Political agreement was reached on the Services Directive yesterday, a law that promises to cut the red tape that currently prevents businesses from offering their services across EU borders or from opening premises in other Member States.
The EU Council of Ministers voted unanimously for the measure (although the Belgian and Lithuanian delegations abstained) and the Council will adopt its common position at a forthcoming meeting after finalisation of the text. It will then pass to the European Parliament for a second reading.
Under the new Directive, a business will be able to complete all formalities for setting up anywhere in the EU online and through a single point of contact. Tests for "economic needs" – expensive procedures requiring businesses to prove to authorities that they will not "destabilise" local competition by setting up – will no longer be allowed.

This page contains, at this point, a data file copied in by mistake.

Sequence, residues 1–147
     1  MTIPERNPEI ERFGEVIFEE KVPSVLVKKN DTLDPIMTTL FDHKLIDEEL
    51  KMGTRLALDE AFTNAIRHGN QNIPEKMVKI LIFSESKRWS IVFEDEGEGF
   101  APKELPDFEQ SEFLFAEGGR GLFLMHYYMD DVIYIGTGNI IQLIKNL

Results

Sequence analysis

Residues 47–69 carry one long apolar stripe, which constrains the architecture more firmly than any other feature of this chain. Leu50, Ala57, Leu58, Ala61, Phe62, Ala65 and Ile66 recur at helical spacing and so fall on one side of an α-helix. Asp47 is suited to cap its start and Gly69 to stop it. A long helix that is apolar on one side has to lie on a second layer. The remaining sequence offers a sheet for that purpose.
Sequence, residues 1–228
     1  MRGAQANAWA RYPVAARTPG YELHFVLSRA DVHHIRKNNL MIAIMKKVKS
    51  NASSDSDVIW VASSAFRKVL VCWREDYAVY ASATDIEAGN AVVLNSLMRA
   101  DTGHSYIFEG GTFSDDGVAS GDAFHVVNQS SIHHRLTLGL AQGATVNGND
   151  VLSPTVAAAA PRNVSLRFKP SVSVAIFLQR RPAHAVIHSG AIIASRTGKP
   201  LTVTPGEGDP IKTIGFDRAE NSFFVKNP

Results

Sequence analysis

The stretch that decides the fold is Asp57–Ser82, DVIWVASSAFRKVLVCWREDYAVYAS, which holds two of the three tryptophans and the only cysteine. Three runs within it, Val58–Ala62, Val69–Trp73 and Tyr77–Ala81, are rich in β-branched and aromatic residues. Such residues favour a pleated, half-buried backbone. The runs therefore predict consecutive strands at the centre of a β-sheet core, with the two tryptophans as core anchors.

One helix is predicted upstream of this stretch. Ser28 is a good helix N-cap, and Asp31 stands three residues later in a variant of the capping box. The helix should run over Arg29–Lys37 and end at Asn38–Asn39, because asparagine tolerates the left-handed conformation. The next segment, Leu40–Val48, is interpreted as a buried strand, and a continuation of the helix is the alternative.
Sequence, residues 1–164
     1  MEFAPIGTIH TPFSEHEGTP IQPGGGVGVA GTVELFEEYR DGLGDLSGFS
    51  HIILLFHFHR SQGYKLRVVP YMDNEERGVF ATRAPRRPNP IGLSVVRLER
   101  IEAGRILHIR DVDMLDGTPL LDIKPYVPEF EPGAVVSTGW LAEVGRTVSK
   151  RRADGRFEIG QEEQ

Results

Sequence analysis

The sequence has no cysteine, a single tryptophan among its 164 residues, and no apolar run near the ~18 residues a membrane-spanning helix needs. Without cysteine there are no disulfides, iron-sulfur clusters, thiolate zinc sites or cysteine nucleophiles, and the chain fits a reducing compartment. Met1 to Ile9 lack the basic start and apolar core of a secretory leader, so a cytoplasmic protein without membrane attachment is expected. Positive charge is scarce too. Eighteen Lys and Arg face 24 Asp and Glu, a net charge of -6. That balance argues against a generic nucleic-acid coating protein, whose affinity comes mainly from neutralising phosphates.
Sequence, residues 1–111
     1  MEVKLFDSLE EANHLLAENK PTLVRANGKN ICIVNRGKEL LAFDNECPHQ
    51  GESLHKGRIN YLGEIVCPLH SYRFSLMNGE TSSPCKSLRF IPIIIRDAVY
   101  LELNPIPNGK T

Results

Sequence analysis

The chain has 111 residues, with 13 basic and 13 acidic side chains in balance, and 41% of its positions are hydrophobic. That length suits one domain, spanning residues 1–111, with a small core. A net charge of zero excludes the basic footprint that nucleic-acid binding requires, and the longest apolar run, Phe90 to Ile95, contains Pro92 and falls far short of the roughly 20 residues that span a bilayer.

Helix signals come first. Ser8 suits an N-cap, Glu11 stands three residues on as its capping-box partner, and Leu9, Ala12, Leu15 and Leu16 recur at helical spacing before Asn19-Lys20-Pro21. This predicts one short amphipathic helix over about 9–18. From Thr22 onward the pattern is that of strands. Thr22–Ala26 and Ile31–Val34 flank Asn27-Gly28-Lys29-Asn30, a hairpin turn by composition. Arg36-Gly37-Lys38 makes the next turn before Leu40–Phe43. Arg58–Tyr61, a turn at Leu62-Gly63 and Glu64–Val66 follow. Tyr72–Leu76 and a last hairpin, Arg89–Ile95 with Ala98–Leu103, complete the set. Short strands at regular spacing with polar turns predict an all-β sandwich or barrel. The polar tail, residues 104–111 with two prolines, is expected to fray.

The UK is expected to be one of the main beneficiaries of the Services Directive. Based on a study by Copenhagen Economics, the Directive is estimated to be worth approximately £5 billion a year to the UK economy – boosting services such as construction companies, retailing, management consultancies, advertising companies, estate agents, architects, plumbers, bakers, electricians and leisure services.
The Directive has had a difficult journey since first being proposed in January 2004 and the Council's agreement is based on a compromise text put forward by the Austrian Presidency which narrowed the scope of the Directive. Fewer services are caught than originally planned: financial services, telecoms and healthcare services are among the exclusions. Also, a 'country of origin' principle has been removed, which would have entitled European traders to work in any Member State while complying only with the relevant laws of the their home state.